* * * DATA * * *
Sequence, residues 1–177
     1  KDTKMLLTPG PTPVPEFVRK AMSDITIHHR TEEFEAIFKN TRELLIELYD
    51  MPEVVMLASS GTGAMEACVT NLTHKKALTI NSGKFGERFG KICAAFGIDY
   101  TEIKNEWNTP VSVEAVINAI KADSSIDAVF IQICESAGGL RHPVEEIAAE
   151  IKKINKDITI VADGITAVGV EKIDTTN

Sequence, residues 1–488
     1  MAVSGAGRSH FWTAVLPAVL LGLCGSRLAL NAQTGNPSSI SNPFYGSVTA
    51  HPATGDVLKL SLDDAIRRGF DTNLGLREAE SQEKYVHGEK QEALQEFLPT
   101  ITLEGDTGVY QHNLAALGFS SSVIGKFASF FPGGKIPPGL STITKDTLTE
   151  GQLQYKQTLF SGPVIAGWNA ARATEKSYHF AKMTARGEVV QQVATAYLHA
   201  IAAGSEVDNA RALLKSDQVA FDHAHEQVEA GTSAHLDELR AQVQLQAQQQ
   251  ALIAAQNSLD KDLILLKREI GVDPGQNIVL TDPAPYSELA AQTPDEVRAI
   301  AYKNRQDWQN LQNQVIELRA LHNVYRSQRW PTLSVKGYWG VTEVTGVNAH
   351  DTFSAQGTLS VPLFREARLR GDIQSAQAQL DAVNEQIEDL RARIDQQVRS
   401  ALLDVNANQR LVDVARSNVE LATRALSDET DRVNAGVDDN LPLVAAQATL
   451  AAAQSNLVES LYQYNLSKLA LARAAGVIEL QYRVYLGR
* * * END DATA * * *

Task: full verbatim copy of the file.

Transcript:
Sequence, residues 1–177
     1  KDTKMLLTPG PTPVPEFVRK AMSDITIHHR TEEFEAIFKN TRELLIELYD
    51  MPEVVMLASS GTGAMEACVT NLTHKKALTI NSGKFGERFG KICAAFGIDY
   101  TEIKNEWNTP VSVEAVINAI KADSSIDAVF IQICESAGGL RHPVEEIAAE
   151  IKKINKDITI VADGITAVGV EKIDTTN

Sequence, residues 1–488
     1  MAVSGAGRSH FWTAVLPAVL LGLCGSRLAL NAQTGNPSSI SNPFYGSVTA
    51  HPATGDVLKL SLDDAIRRGF DTNLGLREAE SQEKYVHGEK QEALQEFLPT
   101  ITLEGDTGVY QHNLAALGFS SSVIGKFASF FPGGKIPPGL STITKDTLTE
   151  GQLQYKQTLF SGPVIAGWNA ARATEKSYHF AKMTARGEVV QQVATAYLHA
   201  IAAGSEVDNA RALLKSDQVA FDHAHEQVEA GTSAHLDELR AQVQLQAQQQ
   251  ALIAAQNSLD KDLILLKREI GVDPGQNIVL TDPAPYSELA AQTPDEVRAI
   301  AYKNRQDWQN LQNQVIELRA LHNVYRSQRW PTLSVKGYWG VTEVTGVNAH
   351  DTFSAQGTLS VPLFREARLR GDIQSAQAQL DAVNEQIEDL RARIDQQVRS
   401  ALLDVNANQR LVDVARSNVE LATRALSDET DRVNAGVDDN LPLVAAQATL
   451  AAAQSNLVES LYQYNLSKLA LARAAGVIEL QYRVYLGR